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Information and knowledge society and its impact on poverty alleviation and economic empowerment among informal sector women entrepreneurs in South Africa

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dc.contributor.advisor Ocholla, D.N.
dc.contributor.advisor Mostert, B.J.
dc.contributor.advisor Minishi-Majanja, M.K.
dc.contributor.author Jiyane, Glenrose Velile
dc.date.accessioned 2013-10-01T11:48:31Z
dc.date.available 2013-10-01T11:48:31Z
dc.date.issued 2012
dc.identifier.uri http://hdl.handle.net/10530/1279
dc.description Submitted in accordance with the requirements for the degree of Doctor of Philosophy in Library and Information Science at the University of Zululand, South Africa, 2012. en_US
dc.description.abstract The use of tools for development has evolved from the industrial revolution in the late 18th and 19th centuries that saw the increased use of machines and developments in the mining industries, to the increased use of information and technology in the 20th century and major breakthroughs that sparked the evolution into the information and knowledge society of the 21st century. The basis of the information and knowledge society revolves around technology’s increased assimilation and diffusion in human society, particularly information and communication technologies and their rapid growth and use in the exchange of information and knowledge. This society offers many opportunities and benefits to people in terms of the facilitation of information creation, distribution, diffusion, access and use for growth and development in various spheres of life. Information and communication technologies are thus regarded as tools for the advancement and development of communities, and this includes rural, illiterate, marginalized and poor communities and the female entrepreneurs in the informal sector who are the subject of this thesis. The aim of this study was to examine information and knowledge society and its impact on poverty alleviation and the economic empowerment of informal sector women entrepreneurs in South Africa and develop a model for utilization of information and knowledge in the informal sector. Both qualitative and quantitative approaches were employed for triangulation, although the qualitative approach significantly outweighed the quantitative in this study. The absence of a comprehensive list of informal activities in KwaZulu-Natal led to the decision to use snowball, purposive and haphazard sampling techniques to select the sample for the study. Focus group discussions, interviews, observation and content analysis were used to collect data from 118 women entrepreneurs from the informal sector, 17 women leaders, and 4 officials from the Hlabisa Local Municipality in KwaZulu-Natal. en_US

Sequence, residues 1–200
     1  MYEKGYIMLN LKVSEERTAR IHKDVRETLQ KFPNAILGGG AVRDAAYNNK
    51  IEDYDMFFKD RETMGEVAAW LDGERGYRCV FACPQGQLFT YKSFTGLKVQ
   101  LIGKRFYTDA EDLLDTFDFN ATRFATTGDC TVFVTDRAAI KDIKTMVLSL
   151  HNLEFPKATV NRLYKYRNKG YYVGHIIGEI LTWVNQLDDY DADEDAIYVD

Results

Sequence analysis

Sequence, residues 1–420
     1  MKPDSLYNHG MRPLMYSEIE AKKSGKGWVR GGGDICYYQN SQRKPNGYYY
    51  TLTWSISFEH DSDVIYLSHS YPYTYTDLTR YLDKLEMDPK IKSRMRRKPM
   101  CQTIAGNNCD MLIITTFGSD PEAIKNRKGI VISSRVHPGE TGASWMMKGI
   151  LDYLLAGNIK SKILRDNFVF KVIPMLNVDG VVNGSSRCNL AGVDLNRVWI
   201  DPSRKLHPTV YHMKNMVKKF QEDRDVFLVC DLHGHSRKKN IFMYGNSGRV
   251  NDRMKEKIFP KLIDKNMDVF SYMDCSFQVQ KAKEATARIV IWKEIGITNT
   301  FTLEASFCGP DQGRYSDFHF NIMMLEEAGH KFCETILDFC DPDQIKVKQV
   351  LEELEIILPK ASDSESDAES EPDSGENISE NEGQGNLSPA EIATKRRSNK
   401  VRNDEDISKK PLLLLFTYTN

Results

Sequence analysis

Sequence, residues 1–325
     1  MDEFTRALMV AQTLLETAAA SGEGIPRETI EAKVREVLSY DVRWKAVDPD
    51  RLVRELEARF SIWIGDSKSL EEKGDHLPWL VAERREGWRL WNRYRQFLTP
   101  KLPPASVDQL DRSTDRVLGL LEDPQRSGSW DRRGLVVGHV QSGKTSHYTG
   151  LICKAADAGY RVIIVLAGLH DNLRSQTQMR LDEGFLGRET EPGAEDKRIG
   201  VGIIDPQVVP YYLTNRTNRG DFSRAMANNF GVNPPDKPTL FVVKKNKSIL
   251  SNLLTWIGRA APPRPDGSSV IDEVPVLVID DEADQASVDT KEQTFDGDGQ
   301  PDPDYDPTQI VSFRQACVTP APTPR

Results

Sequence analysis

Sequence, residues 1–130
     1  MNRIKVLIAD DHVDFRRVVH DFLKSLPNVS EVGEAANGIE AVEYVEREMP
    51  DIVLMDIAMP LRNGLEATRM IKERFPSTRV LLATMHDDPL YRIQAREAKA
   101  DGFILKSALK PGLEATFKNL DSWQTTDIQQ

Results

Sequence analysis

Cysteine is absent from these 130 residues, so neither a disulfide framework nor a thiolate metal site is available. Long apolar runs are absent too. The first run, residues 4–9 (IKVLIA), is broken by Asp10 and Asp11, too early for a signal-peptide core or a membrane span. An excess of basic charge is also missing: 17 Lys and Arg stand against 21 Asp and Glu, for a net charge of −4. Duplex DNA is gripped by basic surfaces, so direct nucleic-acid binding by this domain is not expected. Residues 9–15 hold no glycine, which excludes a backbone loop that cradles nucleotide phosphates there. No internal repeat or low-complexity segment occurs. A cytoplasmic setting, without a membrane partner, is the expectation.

dc.language.iso en en_US
dc.publisher University of Zululand en_US
dc.subject Poverty alleviation -- KwaZulu-Natal en_US
dc.subject Poverty alleviation -- Information and knowledge society en_US
dc.subject Economic empowerment -- informal sector en_US
dc.subject Women entrepreneurs -- KwaZulu-Natal en_US
dc.subject Information and knowledge society -- South Africa en_US
dc.subject Economic empowerment -- women entrepreneurs en_US
dc.subject Informal sector women en_US
dc.title Information and knowledge society and its impact on poverty alleviation and economic empowerment among informal sector women entrepreneurs in South Africa en_US
dc.type Thesis en_US


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